Those early years were exciting for all those participating in establishing Blue Demons as a basketball force first in Cork and then nationally. The year 1968 was a significant year for Blue Demons with participation in the first National Club Competition and Sean Murphy was to join Blue Demons. The National Club competition was the forerunner of the National League that commenced in the 1971/72 season again we were one of the founder clubs of the National League which is known today as the Superleague. Blue Demons also became the front runners in major sponsorship and international Basketball in Cork by hosting the Major Extra Size Basketball Tournaments at The Parochial Hall.
“Nothing succeeds like success” and this was what was emphasised in the formative years of Demons. Peter Coughlan who graduated through the playing ranks of De Paul and then Blue Demons was entrusted with the coaching duties of the National League team in 1972 pushed this concept and remained at the helm at this level for the next ten years.
Through all this excitement on court the administrators of the club were very capable. People of the calibre of Mr. John Coughlan, Barry Deasy, Sean O Sullivan, Dan Byrne, Jim Dineen, Michael O Sullivan and Aidan Horgan had served the club in various capacities with great distinction over the years. While at the Boys club people like Michael Murphy, John Buckley, Con Desmond and the late Liam Olden and Tadgh Smith nurtured the next generations of Demons players. The Chairman’s position has had many distinguished office holders, including John Coughlan who served for seven successive terms in the formative years 1967 to 1973 and Dan Byrne who with his own distinctive flamboyant style was at the helm during 1977/8/9 a period of transition at National League level which saw the introduction of American players into the league.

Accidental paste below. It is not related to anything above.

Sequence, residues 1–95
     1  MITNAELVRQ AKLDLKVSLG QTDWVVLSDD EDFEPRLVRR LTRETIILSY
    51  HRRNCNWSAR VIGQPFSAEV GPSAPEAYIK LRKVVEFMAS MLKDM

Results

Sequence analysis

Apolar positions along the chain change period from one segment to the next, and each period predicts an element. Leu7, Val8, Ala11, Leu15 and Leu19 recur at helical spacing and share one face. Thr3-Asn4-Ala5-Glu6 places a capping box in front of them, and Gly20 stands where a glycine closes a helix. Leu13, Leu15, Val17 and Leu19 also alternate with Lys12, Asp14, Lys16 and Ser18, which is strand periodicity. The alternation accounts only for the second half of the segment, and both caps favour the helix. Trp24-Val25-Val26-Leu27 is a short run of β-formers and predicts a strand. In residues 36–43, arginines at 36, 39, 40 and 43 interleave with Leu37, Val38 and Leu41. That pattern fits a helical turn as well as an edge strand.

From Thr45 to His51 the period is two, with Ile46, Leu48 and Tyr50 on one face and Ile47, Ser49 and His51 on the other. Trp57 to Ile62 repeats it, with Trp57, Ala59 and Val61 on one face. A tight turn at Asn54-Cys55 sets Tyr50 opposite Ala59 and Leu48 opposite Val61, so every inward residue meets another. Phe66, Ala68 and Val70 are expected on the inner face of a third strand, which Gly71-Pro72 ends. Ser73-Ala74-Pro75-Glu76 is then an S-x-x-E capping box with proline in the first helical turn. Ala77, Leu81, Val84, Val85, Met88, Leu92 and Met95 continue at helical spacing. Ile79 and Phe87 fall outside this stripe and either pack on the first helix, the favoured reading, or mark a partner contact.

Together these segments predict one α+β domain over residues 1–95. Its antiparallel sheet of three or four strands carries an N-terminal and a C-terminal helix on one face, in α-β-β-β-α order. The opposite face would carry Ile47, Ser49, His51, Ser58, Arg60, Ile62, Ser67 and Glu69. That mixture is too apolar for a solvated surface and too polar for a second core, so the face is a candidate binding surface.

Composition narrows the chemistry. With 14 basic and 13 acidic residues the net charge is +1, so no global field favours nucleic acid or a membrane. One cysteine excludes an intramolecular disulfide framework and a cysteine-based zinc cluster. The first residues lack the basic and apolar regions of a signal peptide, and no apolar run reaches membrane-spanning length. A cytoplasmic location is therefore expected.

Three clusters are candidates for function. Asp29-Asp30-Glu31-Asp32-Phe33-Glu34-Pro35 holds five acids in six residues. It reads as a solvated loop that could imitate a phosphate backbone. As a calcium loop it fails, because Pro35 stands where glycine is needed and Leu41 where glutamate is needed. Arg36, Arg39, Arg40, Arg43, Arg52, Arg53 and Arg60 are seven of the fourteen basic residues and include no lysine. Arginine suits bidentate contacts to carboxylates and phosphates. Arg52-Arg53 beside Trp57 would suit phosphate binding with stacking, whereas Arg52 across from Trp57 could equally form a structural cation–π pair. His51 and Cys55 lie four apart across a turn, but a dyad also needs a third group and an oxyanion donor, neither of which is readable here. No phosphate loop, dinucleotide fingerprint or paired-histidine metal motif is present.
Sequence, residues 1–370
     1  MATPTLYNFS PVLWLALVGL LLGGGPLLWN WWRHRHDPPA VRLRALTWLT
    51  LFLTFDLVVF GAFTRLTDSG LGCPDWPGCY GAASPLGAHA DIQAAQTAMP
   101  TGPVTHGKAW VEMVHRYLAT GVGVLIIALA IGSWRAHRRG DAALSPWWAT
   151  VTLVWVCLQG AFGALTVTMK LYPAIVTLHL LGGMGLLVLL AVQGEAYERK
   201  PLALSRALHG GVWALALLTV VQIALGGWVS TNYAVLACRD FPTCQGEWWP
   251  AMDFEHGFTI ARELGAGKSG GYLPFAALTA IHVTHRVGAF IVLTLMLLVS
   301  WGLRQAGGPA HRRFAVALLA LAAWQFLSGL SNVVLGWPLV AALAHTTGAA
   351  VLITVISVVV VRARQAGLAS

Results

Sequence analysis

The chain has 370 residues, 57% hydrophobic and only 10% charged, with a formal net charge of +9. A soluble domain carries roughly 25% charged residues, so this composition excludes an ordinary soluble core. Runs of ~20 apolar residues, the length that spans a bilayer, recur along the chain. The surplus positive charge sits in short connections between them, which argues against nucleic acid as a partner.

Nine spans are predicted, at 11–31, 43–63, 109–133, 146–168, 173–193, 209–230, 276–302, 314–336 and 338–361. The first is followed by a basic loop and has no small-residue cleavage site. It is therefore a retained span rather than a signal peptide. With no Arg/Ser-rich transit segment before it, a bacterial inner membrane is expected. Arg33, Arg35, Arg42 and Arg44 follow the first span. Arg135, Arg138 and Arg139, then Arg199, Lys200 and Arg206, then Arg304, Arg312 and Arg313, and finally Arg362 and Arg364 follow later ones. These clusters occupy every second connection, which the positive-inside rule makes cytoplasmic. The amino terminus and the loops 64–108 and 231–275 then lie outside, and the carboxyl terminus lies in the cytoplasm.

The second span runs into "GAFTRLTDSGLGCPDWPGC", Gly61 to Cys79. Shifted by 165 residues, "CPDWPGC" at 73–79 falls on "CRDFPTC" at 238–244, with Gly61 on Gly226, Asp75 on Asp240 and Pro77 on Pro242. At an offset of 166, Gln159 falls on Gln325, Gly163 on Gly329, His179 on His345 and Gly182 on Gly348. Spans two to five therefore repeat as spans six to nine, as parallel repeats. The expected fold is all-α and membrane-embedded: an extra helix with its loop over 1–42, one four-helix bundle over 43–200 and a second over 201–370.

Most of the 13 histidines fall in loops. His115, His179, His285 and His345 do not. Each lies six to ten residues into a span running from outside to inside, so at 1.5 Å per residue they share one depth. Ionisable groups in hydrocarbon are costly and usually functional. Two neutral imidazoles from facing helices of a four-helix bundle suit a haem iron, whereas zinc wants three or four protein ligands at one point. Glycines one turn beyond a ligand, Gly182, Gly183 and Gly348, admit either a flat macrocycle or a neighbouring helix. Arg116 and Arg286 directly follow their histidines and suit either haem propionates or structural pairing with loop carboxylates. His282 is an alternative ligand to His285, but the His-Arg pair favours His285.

The ‘Great Leap Forward’ in Irish Basketball commenced in earnest during 1980’s with the advent of the American Players competing in the National League. Paudie O’Connor of Killarney was the pioneer in this regard in 1979. This was always going to happen as it was prevalent in Europe and Real Madrid were the forerunners there in the early 70’s and reached the UK in the mid 70’s after Vaughan Thomas, a frequent visitor to Cork during the Lota Tournament days, brought the English game to a more professional level with a team called Bruno Roughcutters the first wholly professional and sponsored squad in England that included an Irish player Dave Fitzsimons an ex St. Vincents Dublin star of the early 70’s in their lineup.
Blue Demons had to make the decision either to match Killarney or concede the national competitions to teams who had the highly skilled American players on their rosters. Well, history was created with the recruitment of Wayne Williams and Dave Beckom from Pittsburgh by Dan Byrne, who had just retired as Club chairman due to business commitments. It was the same business commitments that brought him to Pittsburgh, and opened the door to Blue Demons eventful journey through many and varied U.S. College players. These chance beginnings proved very advantageous in fact it secured Blue Demons its second National League Title with many of the first victorious national league team still to the fore, Sean Murphy, Andrew Houlihan, Joe Coughlan, John Cooney, with Peter Coughlan still holding the coaching responsibilities. It was during this campaign that Gerry Wheeler and Timmy McCarthy came to the fore and were to be great Demons players right through the 80s.